Friday, December 7, 2012

Male Circumcision, From St. Paul to Hillary Clinton

Some more enlightenment...


The Muslim Times | AlislamSubscribe
Male Circumcision, From St. Paul to Hillary Clinton
Epigraph: "Do they seek a religion other than Allah's, while to Him submits whosoever is in the heavens and the earth, willingly or unwillingly, and to Him shall they be returned?" (Al Quran 3:84)
Hillary Clinton, Secretary of State, USA
Written and collected by Zia H Shah MD
In a recent CNN video clip, in the context of the World AIDS Day, it was documented that the Secretary of State, USA, Hillary Clinton is promoting male circumcision, to prevent HIV infection.
World AIDS Day, observed on 1 December every year, is dedicated to raising awareness of the AIDS pandemic caused by the spread of HIV infection. Government and health officials observe the day, often with speeches or forums on the AIDS topics. Since 1995, the President of the United States has made an official proclamation on World AIDS Day. Governments of other nations have followed suit and issued similar announcements.
AIDS has killed more than 25 million people between 1981 and 2007,[1] and an estimated 33.2 million people worldwide live with HIV as of 2007,[2] making it one of the most destructive epidemics in recorded history.  In this context, in the last few days Secretary of State, USA, Ex. First Lady Hillary Clinton made comments to promote condom use and male circumcision to prevent HIV infection.  This sets the stage for my article to review the religious history and medical implications of male circumcision.
The Jews, the Muslims and the Coptic Christians practice circumcision and other Christians don't.  There in lies the conflict and tension that we want to explore here.
For centuries the Christian apologists had criticized Islam and Judaism for male circumcision and sang the praises of their fore-fathers and their customs.  Even in 2012 we hear of political activism in Germany to ban the practice of male circumcision.  Little did they know that God will over throw their strategy with a very small virus, only 0.1 micron in size, namely HIV virus and establish the utilitarian values of His revealed law, which was given up by St. Paul and declared to be  a curse.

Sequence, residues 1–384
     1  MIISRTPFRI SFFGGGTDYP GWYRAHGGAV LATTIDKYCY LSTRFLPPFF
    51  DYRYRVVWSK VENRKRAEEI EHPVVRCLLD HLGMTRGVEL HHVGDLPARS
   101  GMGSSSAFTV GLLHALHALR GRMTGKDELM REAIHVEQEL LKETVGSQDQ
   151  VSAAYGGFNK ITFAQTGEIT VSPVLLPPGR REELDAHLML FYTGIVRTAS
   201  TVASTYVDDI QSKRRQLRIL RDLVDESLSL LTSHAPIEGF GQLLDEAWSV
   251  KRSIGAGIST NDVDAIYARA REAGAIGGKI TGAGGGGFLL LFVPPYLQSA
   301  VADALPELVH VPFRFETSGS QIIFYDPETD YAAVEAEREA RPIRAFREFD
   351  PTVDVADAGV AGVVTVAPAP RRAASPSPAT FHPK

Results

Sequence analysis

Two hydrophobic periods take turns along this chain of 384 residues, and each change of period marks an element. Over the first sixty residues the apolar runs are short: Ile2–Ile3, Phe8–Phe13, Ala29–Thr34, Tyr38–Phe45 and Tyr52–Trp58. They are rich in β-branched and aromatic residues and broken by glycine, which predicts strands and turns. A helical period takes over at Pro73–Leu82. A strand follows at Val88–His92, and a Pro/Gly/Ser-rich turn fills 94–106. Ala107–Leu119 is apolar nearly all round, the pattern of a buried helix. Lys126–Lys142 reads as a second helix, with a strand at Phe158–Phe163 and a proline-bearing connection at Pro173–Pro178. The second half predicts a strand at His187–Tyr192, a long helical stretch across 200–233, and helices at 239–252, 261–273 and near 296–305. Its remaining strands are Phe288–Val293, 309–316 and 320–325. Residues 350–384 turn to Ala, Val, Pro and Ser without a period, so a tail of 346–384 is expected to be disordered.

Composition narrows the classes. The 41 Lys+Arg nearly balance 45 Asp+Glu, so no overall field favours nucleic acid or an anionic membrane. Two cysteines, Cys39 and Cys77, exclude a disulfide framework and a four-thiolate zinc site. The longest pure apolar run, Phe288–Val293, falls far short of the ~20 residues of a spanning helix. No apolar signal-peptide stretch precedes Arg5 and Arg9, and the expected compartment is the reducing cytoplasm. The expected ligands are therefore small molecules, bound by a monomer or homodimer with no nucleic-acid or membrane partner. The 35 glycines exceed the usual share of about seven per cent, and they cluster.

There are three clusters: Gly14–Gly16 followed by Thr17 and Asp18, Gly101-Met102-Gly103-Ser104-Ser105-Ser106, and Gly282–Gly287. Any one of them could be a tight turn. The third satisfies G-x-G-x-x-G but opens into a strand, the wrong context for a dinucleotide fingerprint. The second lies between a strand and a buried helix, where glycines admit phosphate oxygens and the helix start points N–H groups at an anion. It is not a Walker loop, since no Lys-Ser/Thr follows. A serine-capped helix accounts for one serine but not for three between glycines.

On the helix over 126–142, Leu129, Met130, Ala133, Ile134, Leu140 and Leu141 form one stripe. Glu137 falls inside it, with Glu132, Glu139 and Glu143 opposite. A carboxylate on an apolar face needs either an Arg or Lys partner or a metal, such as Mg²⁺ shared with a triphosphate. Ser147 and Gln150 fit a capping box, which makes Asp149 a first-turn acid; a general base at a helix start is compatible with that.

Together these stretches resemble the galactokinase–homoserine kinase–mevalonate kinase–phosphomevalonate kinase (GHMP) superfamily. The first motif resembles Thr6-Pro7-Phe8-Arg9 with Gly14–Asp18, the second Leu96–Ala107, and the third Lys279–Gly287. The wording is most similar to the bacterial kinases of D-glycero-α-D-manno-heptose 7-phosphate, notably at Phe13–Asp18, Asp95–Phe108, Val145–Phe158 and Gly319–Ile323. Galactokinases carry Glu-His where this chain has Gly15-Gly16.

Jesus, may peace be on him, was born and raised as a Jew and followed and interpreted the Jewish Law, all his life.  A narrative in the Christian Gospel of Luke makes a brief mention of the circumcision of Jesus.  When St. Paul came on the scene, some 20 years after Jesus was put on the cross and took on himself to preach to the Gentiles, he hit a road block.  He discovered that the Gentiles were not ready to go through the ordeal of adult circumcision to be Christians.  So, in a moment of Machiavellian creativity,  St. Paul came up with the idea of over throwing the yoke of Moses' Law and called dietary restrictions and circumcision a curse, even though he himself being Jewish had been circumcised.  As the generations of Christians idolized and idealized with Pauline teachings, a line was drawn in the sand.  For centuries to come, the Jews maintained the tradition of Patriarch Abraham and Christians condemned it.  Islam preserved everything worthwhile in the previous religions and scriptures and as Islam spread, the tradition of male circumcision became common among the masses, through out the globe.  The conflict created by St. Paul continued for centuries, but, the plot began to thicken in the last few decades with the arrival of the HIV pandemic.  As millions died from the infection, scientists reconfirmed that there is a silver lining to every cloud and that there is something positive to be gained from every tragedy.  What they found was that Abraham, Isaac, Ishmael, Moses, Jesus, John the Baptist, who baptized Jesus and Muhammad, may peace be on all of them, were all right and the only odd man out is St.  Paul!
There is evidence of a controversy over religious male circumcision in Early Christianity. A Council of Jerusalem,[1] possibly held in approximately 50 AD, did not include male circumcision as a requirement for Gentile converts. This became known as the "Apostolic Decree"[2] and may be one of the first acts differentiating Early Christianity from Judaism.[3] At roughly the same time Rabbinic Judaism made their circumcision requirement for Jewish boys even stricter.[4]
According to the Columbia Encyclopedia,[5] "the decision that Christians need not practice circumcision is recorded in Acts 15;[6] there was never, however, a prohibition of circumcision, and it is practiced by Coptic Christians."
Before we dwell into more recent history of circumcision and HIV infection, let us travel in time and study some additional ancient history of male circumcision. 

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